A new report from the Wisconsin Policy Forum shows lack of access to broadband internet isn’t just a rural problem.
It’s true that the percentage of residents without access to broadband is higher in the northern and rural parts of the state. However, some urbanized counties — Dane and Marathon, for example — have some of the highest numbers of residents without a high-speed internet connection in the state.
Broadband is defined by the Federal Communications Commission as 25 megabits per second download and 3 Mbps upload. However, the FCC is funding efforts to add connections with at least 10 Mbps download and 1 Mbps upload.
Using data from the FCC, report authors show three counties have over 18,000 people without access to 10/1 service: Marathon, Clark and St. Croix.
And seven counties have between 10,000 and 15,000 people without 10/1 service: Dane, Grant, Wood, Waupaca, Waushara, Oconto and Marinette.
By comparison, several rural counties are outperforming urban areas. Florence, Iron, Douglas and Bayfield counties — all in northern Wisconsin — have similar numbers of people without a 10/1 connection to urban counties in the southeastern part of the state.
“That is due in part, of course, to the much smaller populations in those Northwoods counties,” report authors noted.
Also, parts of rural Bayfield County have access to speeds that exceed the FCC’s 25/3 broadband standard. And the areas surrounding that county’s largest city, Washburn, are most likely to lack a 10/1 connection. To explain this phenomenon, report authors point to rural telephone cooperatives in Vernon, Iron and Bayfield counties that provide fast internet service.
“Meanwhile, some residents on the outskirts of larger cities miss out on service because they are caught between these urban and rural networks,” report authors said. “The impact on residents is far reaching, affecting everything from how they watch movies to whether they can work or start a business from home.”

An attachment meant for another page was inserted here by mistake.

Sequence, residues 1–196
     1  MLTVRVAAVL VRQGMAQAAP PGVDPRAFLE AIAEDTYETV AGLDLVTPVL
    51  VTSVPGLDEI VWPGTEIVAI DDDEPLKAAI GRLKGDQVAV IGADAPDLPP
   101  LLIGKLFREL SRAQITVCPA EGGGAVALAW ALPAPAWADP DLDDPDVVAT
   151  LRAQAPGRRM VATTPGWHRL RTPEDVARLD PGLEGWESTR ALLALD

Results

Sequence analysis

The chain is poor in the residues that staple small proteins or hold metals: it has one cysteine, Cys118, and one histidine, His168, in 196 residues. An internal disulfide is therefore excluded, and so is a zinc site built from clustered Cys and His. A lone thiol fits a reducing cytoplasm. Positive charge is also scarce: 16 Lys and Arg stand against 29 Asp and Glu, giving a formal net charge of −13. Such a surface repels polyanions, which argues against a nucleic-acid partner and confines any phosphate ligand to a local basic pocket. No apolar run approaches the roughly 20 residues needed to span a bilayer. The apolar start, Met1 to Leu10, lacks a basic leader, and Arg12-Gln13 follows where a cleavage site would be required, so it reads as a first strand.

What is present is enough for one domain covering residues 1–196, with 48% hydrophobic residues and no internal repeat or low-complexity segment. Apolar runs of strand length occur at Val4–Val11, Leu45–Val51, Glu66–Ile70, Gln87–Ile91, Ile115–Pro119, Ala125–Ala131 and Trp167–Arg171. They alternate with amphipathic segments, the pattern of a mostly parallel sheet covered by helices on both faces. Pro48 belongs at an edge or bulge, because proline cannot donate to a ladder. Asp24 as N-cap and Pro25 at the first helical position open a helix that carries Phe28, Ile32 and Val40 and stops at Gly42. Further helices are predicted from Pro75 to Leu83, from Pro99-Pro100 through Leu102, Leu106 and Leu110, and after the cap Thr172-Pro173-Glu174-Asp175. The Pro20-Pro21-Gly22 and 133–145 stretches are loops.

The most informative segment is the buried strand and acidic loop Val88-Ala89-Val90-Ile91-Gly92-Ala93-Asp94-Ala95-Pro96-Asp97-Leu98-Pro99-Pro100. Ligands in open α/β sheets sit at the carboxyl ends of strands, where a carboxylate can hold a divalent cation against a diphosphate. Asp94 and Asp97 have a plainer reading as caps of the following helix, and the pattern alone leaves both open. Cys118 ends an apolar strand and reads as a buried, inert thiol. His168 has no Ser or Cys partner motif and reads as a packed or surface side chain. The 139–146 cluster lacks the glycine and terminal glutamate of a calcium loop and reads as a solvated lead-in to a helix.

Between December 2016 and June 2017, the number of Wisconsinites without a 10/1 internet connection fell from 386,900 to 241,100. That change was due in part to investments by private providers as well as state and federal government, according to the report.
Much of the recent federal funding for rural broadband has come through two agencies: the U.S. Department of Agriculture, and the FCC.
The Department of Agriculture’s Rural Utility Service disbursed over $254 million in grants and $34 million in loans in Wisconsin between 2009 and 2016. In the same timeframe, the FCC’s Connect America Fund doled out $900 million in the state.
The state’s Broadband Grant Expansion Program was approved in 2013 as an add-on to federal dollars. Between then and June 2018, Wisconsin contributed $18 million for broadband projects, the report shows.
Report authors note that cooperatives and nonprofit utilities extended high-speed internet to customers with support from the above-mentioned federal programs and state grants, as well as by increasing prices for those customers.
They also say that most locations in the state without solid access are covered by investor-owned telecommunications companies, “so expanding service to these areas will have to be profitable or it is unlikely to happen.”
See the full report here:
–By Alex Moe